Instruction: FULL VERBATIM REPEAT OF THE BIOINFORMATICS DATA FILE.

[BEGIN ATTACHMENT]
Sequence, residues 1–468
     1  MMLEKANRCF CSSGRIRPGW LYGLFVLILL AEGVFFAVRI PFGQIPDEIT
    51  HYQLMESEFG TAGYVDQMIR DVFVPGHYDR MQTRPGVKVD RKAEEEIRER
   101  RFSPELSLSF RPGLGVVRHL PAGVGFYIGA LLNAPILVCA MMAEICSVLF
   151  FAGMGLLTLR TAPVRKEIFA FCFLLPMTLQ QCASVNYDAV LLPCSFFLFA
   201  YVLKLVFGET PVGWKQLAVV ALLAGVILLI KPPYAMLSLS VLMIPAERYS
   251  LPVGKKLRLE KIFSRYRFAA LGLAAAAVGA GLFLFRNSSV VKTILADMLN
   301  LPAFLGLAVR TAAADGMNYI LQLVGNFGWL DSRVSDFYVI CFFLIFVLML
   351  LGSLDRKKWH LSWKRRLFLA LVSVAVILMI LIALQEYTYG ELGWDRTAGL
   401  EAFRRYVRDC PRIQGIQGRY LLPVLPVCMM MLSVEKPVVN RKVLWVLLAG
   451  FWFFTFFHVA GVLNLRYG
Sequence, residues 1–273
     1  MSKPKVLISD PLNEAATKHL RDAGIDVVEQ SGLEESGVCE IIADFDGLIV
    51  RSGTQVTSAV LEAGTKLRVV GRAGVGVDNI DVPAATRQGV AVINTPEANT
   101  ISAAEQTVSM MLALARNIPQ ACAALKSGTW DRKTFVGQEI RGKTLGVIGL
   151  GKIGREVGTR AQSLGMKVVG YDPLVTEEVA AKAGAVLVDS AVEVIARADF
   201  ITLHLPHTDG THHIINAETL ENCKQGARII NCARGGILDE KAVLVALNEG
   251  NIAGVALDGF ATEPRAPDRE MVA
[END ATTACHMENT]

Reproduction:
Sequence, residues 1–468
     1  MMLEKANRCF CSSGRIRPGW LYGLFVLILL AEGVFFAVRI PFGQIPDEIT
    51  HYQLMESEFG TAGYVDQMIR DVFVPGHYDR MQTRPGVKVD RKAEEEIRER
   101  RFSPELSLSF RPGLGVVRHL PAGVGFYIGA LLNAPILVCA MMAEICSVLF
   151  FAGMGLLTLR TAPVRKEIFA FCFLLPMTLQ QCASVNYDAV LLPCSFFLFA
   201  YVLKLVFGET PVGWKQLAVV ALLAGVILLI KPPYAMLSLS VLMIPAERYS
   251  LPVGKKLRLE KIFSRYRFAA LGLAAAAVGA GLFLFRNSSV VKTILADMLN
   301  LPAFLGLAVR TAAADGMNYI LQLVGNFGWL DSRVSDFYVI CFFLIFVLML
   351  LGSLDRKKWH LSWKRRLFLA LVSVAVILMI LIALQEYTYG ELGWDRTAGL
   401  EAFRRYVRDC PRIQGIQGRY LLPVLPVCMM MLSVEKPVVN RKVLWVLLAG
   451  FWFFTFFHVA GVLNLRYG
Sequence, residues 1–273
     1  MSKPKVLISD PLNEAATKHL RDAGIDVVEQ SGLEESGVCE IIADFDGLIV
    51  RSGTQVTSAV LEAGTKLRVV GRAGVGVDNI DVPAATRQGV AVINTPEANT
   101  ISAAEQTVSM MLALARNIPQ ACAALKSGTW DRKTFVGQEI RGKTLGVIGL
   151  GKIGREVGTR AQSLGMKVVG YDPLVTEEVA AKAGAVLVDS AVEVIARADF
   201  ITLHLPHTDG THHIINAETL ENCKQGARII NCARGGILDE KAVLVALNEG
   251  NIAGVALDGF ATEPRAPDRE MVA